Characterization of the brain as a site of fructose metabolism and of an aldolase B knockout mouse that mimics human hereditary fructose intolerance
Oppelt, Sarah Ann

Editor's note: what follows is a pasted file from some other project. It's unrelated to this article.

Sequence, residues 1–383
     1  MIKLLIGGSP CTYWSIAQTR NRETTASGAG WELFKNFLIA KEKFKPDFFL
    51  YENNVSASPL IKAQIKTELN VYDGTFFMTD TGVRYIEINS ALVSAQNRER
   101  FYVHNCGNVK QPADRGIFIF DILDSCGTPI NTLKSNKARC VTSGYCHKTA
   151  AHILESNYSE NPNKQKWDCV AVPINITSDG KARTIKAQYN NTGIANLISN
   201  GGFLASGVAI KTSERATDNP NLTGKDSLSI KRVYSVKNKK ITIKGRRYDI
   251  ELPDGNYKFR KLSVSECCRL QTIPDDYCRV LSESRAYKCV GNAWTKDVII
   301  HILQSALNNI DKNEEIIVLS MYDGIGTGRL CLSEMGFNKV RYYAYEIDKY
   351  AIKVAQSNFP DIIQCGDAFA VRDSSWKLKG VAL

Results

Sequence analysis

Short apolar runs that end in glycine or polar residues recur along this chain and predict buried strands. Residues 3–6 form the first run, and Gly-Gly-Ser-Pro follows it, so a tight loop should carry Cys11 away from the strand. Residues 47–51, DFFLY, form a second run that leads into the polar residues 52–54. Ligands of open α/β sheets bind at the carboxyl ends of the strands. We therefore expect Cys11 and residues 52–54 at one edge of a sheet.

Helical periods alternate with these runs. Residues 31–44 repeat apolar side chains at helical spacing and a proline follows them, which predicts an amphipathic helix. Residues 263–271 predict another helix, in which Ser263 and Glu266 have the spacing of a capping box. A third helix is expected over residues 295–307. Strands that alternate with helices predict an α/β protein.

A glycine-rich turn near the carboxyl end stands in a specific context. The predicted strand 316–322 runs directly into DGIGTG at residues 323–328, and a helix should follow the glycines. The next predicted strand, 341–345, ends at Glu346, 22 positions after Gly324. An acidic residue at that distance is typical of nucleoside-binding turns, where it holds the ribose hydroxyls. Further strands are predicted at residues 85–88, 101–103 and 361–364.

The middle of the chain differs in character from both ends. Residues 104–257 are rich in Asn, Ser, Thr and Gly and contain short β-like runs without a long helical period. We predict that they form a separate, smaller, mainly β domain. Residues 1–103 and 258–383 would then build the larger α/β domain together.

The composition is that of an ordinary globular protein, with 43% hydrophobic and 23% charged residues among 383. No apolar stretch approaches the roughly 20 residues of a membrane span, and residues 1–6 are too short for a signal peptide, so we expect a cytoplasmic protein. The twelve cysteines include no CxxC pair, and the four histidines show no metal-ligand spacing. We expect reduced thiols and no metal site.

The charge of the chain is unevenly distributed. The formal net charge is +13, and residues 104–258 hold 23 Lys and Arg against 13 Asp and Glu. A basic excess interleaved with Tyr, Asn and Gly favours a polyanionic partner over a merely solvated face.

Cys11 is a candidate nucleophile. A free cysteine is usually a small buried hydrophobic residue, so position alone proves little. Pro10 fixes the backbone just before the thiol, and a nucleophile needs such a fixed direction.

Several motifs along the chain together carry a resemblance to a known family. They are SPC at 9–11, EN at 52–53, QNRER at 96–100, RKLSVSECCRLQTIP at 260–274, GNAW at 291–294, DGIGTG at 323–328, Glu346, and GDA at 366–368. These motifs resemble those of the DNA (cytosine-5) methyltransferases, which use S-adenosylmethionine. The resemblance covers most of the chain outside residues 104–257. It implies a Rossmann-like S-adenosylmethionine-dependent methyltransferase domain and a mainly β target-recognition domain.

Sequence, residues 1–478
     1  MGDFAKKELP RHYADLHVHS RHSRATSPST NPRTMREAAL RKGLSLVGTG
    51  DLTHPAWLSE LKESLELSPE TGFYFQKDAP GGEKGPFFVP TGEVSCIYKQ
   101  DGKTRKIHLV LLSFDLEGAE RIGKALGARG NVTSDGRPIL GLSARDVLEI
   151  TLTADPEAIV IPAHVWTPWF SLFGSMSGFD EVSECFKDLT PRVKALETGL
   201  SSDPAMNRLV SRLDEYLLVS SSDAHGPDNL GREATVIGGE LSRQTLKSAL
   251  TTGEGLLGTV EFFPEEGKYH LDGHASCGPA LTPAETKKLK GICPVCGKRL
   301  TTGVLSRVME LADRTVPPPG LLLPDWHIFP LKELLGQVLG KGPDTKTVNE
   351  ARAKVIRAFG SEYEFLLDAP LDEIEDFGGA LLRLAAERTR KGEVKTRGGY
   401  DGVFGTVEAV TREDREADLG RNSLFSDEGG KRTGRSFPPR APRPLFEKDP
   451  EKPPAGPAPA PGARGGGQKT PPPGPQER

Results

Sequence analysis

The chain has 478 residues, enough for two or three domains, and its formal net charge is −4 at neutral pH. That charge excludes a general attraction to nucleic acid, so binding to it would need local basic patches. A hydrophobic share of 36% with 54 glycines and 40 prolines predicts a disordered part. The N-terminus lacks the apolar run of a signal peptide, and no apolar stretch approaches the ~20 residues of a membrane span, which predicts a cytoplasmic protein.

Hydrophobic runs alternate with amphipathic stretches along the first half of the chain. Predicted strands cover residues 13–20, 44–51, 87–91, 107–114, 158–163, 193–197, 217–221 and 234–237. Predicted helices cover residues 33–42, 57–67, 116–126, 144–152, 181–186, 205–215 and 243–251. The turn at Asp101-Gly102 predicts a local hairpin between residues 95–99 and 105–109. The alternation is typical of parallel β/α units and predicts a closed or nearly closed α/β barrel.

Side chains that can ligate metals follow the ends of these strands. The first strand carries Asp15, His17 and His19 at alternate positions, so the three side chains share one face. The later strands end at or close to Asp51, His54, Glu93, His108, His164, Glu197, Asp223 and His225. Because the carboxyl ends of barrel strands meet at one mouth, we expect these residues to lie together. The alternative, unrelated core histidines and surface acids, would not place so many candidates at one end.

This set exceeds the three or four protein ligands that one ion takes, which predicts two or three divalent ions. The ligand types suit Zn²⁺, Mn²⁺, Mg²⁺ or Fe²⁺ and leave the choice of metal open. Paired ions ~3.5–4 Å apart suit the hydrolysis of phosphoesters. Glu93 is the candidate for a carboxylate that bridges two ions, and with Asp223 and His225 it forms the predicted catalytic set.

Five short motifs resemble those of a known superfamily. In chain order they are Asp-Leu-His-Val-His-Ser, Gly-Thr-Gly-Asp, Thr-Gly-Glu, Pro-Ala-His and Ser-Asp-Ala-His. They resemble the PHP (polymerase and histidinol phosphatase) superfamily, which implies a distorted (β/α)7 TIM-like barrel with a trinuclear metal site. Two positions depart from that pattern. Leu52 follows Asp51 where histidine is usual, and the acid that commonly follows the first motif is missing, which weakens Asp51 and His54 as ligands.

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Excessive fructose consumption in Western diets correlates with increases in obesity, insulin resistance, kidney disease, and non-alcoholic fatty liver disease (NAFLD), collectively part of metabolic syndrome (MBS). Liver and kidneys metabolize 50-70% of ingested fructose, but the fate of remaining fructose remains poorly understood. Moreover, the correlation of fructose ingestion with MBS highlights the need for better understanding of whole-body fructose metabolism, in both health and disease. To that end, valid rodent models for fructose metabolism must reflect the same metabolism in humans. A serious autosomal recessive defect in fructose metabolism, called hereditary fructose intolerance (HFI), is caused by mutations in the aldolase B gene (ALDOB, human; Aldo2, mouse). With low levels of fructose exposure, HFI patients develop NAFLD and liver fibrosis, sharing pathologies with MBS. Targeting Aldo2 for deletion in mice (Aldo2-/-) provides a major step in validating that fructose metabolism in mice mimics that in humans. Like HFI patients, Aldo2-/- mice exposed to chronic, low-level dietary fructose show failure to thrive, liver dysfunction, and potential mortality. The fructose-induced symptoms of HFI and MBS result from flux through the ketohexokinase (KHK)-mediated pathway, and the metabolite Fru 1-P. Bioinformatic analysis reveals gene expression for this pathway is highest in liver, as expected; surprisingly, brain is predicted to have expression levels similar to kidney. This predicted gene expression is validated via RNA in situ hybridization, quantification of enzyme activities, presence of transport proteins, and measuring fructose oxidation rates in adult mice brains. Within the brain, regions of the cerebellum, hippocampus, cortex, and olfactory bulb show the highest population of cells expressing Fru-1-P pathway genes. In these regions, enzyme activities for both KHK and aldolase, and rates of fructolytic flux, are many times that seen in liver slices. Additionally, brains of mice on a high fructose diet show a three-fold increase in KHK activity. This suggests that not only are these regions of the brain capable of metabolizing fructose, but that they are also capable of responding to increases in dietary fructose. This work provides a foundation for research of long-term consequences of excessive fructose consumption in multiple organs.